drink milk and eat an extra portion of protein in your meal.
      study basic math and algebra.
      good luck.

  4. Shawn says

    Hey, how many bud/s classes run a year ? How hard is it to get into a class after graduation from seal prep school in Illinois ?

    • says

      From Atlanta SEAL motivator:
      Hello Brad,
      They are currently running 5 BUD/S Classes a year, they have run 6 BUD/S Classes a year in the past. The school in Great Lakes isn’t called SEAL Prep, its called BUD/S Prep and that runs about 8 weeks, after 8 weeks of Basic Training (Boot Camp). Next, about 95% of the candidates that go to BUD/S Prep end up graduating and going onto BUD/S in Coronado, CA.
      Hope all is well,

  5. Joshua says

    Really loved the tips on training, but I am curious, I’m turning twenty five soon, and hopefully through basic not too long after. My question is, is that too late of an age to go for it? Assuming that I pass the competitive mock pst scores of course.

      • Joshua says

        So. Update on progress. I went to the office, got set up for and took my asvab. Was five points shy from qualifying and when I asked my recruiters when would it be possible to retake it, they kept trying to talk me out of it. By the end of that conversation they were getting angry that I wanted to, and called me “stubborn” for thinking I would make it for mock pst. They told me my goal was unattainable.

        • says

          Your goal is always obtainable. I am an average guy and everyone told me I would not make it in the SEAL program. I eventually made it and proved it to myself.

          Hit me up Joshua and I will send you a free audio and help you work forward 1% daily towards your goals.

          • Joshua says

            I sent you my information in an e-mail. Looking forward to hearing from you soon.

  6. Joshua says

    Realistically, what should I be aiming for on my runs, pushups, pull ups, ect? Not by what the charts say, but your personal recommendation for pst scores.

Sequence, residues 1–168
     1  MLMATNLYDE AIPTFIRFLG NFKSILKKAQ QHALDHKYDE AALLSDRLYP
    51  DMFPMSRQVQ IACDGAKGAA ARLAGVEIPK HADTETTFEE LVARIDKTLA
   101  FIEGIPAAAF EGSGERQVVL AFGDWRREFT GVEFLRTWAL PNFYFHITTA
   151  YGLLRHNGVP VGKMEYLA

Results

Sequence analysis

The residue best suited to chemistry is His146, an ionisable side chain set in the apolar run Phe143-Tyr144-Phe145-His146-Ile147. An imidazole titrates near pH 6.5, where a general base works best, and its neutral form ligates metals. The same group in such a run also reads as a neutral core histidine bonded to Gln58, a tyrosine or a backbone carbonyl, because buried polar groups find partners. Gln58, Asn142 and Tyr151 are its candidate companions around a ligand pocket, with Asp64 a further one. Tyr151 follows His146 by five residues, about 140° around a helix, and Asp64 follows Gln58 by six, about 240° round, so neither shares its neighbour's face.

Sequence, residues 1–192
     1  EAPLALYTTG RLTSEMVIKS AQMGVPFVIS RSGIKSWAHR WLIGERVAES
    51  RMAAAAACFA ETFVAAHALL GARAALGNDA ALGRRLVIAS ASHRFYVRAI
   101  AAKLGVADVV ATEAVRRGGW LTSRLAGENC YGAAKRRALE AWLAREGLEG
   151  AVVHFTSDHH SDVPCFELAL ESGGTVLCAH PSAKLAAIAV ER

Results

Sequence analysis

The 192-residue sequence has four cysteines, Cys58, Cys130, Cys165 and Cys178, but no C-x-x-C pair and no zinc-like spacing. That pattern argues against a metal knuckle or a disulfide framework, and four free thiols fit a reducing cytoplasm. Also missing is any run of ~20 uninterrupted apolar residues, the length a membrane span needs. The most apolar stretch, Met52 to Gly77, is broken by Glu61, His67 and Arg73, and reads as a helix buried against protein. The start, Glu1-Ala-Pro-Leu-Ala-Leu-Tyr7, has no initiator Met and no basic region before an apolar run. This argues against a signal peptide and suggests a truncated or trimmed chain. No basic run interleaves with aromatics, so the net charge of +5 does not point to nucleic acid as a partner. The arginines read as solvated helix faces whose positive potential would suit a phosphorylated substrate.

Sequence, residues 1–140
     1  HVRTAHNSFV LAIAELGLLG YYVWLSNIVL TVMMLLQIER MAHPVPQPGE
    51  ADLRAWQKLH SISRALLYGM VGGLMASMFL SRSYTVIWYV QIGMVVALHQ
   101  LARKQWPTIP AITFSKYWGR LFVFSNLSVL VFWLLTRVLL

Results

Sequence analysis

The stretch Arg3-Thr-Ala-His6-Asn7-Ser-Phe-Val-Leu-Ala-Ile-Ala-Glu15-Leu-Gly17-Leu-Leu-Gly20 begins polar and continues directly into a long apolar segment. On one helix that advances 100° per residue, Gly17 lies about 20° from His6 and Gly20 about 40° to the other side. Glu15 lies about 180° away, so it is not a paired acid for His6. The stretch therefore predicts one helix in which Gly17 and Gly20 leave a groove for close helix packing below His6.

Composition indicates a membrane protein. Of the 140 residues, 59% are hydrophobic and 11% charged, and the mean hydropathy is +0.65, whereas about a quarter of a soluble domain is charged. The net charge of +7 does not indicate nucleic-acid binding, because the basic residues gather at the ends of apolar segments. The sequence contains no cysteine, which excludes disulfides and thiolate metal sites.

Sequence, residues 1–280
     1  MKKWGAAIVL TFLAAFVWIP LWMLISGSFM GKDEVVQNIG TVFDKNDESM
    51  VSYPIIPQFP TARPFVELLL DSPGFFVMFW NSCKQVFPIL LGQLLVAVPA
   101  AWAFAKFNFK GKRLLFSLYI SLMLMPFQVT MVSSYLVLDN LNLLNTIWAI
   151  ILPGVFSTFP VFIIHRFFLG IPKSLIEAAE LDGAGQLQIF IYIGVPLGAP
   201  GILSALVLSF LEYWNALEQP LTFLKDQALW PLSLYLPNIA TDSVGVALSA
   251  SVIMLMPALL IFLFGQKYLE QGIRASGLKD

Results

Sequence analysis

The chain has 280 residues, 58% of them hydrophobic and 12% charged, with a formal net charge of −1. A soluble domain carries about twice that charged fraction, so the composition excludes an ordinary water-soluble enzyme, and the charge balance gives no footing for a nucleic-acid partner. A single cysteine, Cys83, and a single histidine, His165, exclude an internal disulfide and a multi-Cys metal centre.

• says

      Swim 500 yard breast or side stroke 12:30 9:00
      Push-ups 50 90
      Curl-ups 50 85
      Pull-ups 10 18
      Run 1.5 miles 10:30 09:30

  7. Brady W says

    I am 14 years old, and I’m looking at going towards a career in the Navy, and specifically I want to be a SEAL. I wanted to know what you think is the best way that I can begin to train and prepare.

  8. Mike says

    Thank you for the tips. As mentioned on an above post, I’m 25 years old and currently LE (SWAT). I know I’m getting close to the age cut off but how long would you say for a person in decent shape would take to be BUD/S ready assuming you dedicated 110% getting ready?

  9. joey says

    Hi Brad ! you mentioned above that a good way to prep for buds is to do a lot of variations of the Murph workout. Can you please give some of the things you would manipulate such as adding new movements in or changing up the distance/reps of the things that are already in the workout . Also how many time a week should i repeat the workout. Thanks joey

  10. Brant Williams says

    Hey brad was curious if you know of any SEAL mentors that could help me get a SEAL challenge contract or know anywhere I can find one at a recruiting station that I could just talk to. I live in California but I’ll go anywhere in the US to talk to them even the smaller cities to maybe have a better chance of getting a contract. But thanks again for all the updates you give on training and what not as well seriously you are the man and a great motivator!

    • says

      Good question Brant.
      Type into google search “SEAL motivator California” or whatever state and you will find a local motivator/recruiter to help you.
      Good luck

  11. Ian says

    When it comes to getting high numbers for the sit ups portion of the NSW pst, would you recommend training them with your feet locked by a buddy, weight, etc., or training them with your feet free?

    • says

      Good question Ian –
      train with your feet locked by buddy as that is what will be in the test.
      put your feet under a bench or dumbbells if you can.
      put a sandbag on your feet also works.

  12. Conner says

    Hi Brad, i’ve played water polo for about the past 8 years of my life. From everything that i’ve read online, it seems that I have a little advantage due to the workouts and exposure to water. What do you think about that? I’m planning on joining the Navy in about 2 years and will apply to become a NS. One last thing is everyone talks about the physical requirements, but what mental stage should I be in when entering BUD/s? If I go in telling myself that everything is easy and that eating an elephant takes one bite at a time?